CHP Bugs and Fixes Page

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This page has had . Last updated 1/8/99.

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Cross-Platform Issues Page NEW

Windows 95 Filename Case Changing

Filename Changes During Win <--> Mac File Transfer

CHP Keeps Messing Up My Code

Disappearing Code

Changing Fonts

Problems with Site Files


CHP Keeps Messing Up My Code

Most of the time, CHP knows what it is doing, and writes the underlying code for your page nicely and cleanly. However, sometimes its idea of nice and clean ends up breaking the code. This can happen under several circumstances:

  • If you are adding JavaScript code, or code used by your web server to implement special features.
  • If you use aliases to simulate the pathname situation on a server, CHP will resolve the aliases. This is BAD. Once you upload, the link will not work.
  • If the whitespace which CHP adds to your code messes up the way the page displays in a web browser.

So, how do you keep Claris Home Page from getting its greedy little hands on your HTML code?

Easy ---> In HTML mode, place your insertion point in front of block of code you want unchanged. Type <!--NOEDIT-->. Move your insertion point to the end of the block of code, and type <!--/NOEDIT-->.

When you switch to Edit mode, you will see both of these comment tags, plus the code in between them, in red font. If the protected code is a kind CHP understands, it still displays it in red, and does not WYSIWYG it. In Preview Mode, it all dissappears.

An Example :

Here is the code for a link on this page:

<P><A HREF="#CHP_mess_code">CHP Keeps Messing Up My Code</A></P>

Here's how it looks in HTML mode after the NOEDIT tags are added:

Here's how it looks in Edit mode after the NOEDIT tags are added:

Here's how it looks in Preview mode after the NOEDIT tags are added:

These NOEDIT tags seem to be an undocumented feature; a feature that would not be needed if CHP was able to figure out when its mangling was not wanted. Until Claris fixes the "mangling" bug, the NOEDIT tags are an acceptable solution.


Disappearing Code

Links which includes the character "&"

Because certain common characters are used in coding HTML, the standard sets a special way to represent those characters if you just want to display them. So, if I want a "<" to appear, in the code I actually type "&lt;" . The ampersand (&) character is a restricted html symbol which identifies the beginning of such a special character.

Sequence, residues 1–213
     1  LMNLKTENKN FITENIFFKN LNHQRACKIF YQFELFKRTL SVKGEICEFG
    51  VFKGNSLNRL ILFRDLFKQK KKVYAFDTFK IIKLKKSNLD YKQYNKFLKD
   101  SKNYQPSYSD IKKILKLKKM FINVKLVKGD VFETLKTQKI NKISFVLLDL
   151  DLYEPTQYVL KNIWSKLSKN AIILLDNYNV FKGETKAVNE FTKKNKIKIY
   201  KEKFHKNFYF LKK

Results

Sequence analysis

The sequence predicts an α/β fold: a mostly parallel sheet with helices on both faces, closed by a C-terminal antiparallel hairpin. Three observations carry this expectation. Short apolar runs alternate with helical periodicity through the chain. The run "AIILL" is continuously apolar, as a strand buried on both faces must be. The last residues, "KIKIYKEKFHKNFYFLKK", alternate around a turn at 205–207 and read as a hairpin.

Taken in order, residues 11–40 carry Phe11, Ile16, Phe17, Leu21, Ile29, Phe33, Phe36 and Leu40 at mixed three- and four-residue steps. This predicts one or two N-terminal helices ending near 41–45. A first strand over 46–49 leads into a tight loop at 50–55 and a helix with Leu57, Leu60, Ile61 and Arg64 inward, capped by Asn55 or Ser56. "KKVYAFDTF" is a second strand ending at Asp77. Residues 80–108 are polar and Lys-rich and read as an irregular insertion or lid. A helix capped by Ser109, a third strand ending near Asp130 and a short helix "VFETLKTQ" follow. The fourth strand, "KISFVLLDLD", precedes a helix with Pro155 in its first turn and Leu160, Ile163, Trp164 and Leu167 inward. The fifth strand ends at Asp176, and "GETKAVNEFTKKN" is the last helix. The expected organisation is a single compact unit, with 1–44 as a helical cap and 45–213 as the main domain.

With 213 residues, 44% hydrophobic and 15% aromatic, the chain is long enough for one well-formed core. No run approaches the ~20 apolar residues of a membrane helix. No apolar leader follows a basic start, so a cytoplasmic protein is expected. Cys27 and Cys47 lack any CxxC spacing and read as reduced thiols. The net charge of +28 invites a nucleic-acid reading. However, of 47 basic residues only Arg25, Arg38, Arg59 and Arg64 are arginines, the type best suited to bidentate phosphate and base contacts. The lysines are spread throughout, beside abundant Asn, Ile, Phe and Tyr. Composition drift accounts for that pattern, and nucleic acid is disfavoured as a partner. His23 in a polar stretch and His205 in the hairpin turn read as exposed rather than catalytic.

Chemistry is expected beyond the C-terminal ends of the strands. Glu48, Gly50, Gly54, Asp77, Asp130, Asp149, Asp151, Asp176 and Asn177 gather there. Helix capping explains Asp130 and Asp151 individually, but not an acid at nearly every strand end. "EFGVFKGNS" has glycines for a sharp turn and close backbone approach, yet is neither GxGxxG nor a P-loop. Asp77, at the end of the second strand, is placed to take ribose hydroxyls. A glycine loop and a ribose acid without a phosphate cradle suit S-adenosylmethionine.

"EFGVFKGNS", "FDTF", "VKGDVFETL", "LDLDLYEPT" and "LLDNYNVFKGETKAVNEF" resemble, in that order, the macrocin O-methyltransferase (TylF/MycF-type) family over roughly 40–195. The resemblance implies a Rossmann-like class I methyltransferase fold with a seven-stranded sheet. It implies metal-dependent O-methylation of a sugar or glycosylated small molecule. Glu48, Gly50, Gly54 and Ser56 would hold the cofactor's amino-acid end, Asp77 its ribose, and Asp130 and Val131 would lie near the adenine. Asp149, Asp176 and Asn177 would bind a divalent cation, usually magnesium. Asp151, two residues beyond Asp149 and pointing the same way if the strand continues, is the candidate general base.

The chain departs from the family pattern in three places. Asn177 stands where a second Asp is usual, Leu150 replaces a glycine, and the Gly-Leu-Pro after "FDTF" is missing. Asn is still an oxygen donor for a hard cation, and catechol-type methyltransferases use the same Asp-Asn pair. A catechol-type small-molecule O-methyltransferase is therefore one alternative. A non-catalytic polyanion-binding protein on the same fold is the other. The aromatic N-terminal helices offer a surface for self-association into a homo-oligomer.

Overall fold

Of course, CHP encodes the characters for you automatically, so you don't even notice it. But there is one problem you might encounter. If one of your links includes an "&", which may occur in calls to CGI scripts and the like, CHP, upon analyzing the link, will look for one of the codes for the special characters after the "&", and finding what to it looks like garbage, IT WILL DELETE EVERYTHING AFTER THE AMPERSAND. Therefore, it will mess up your link.

The only solution to this, besides not having ampersands in your links, is to fix the link right before you save the file. Then you can upload the file in its correct form. But once you open it again with CHP, the link will once again be mutilated, and so once again you'll have to fix it before uploading the file, and ... Look for this to be fixed soon.


Changing Fonts

You can change the HTML mode font Claris Home Page uses for editing in Preferences:HTML Editing.

In Edit and Preview modes, CHP uses Times with a default of 12 points (on the Mac). There is no preference to change this font. For Macintosh users, below is a fix. I have it on good authority that CHP 2.0 has a preference setting for changing the font used in Edit and Preview modes.

The following "fixes" involve the use of ResEdit, a Macintosh file utility distributed by Apple. You should not use ResEdit unless you have some experience with the Macintosh file format (forks, resources, etc.) and the Macintosh system software (extensions, fonts, suitcases, etc.).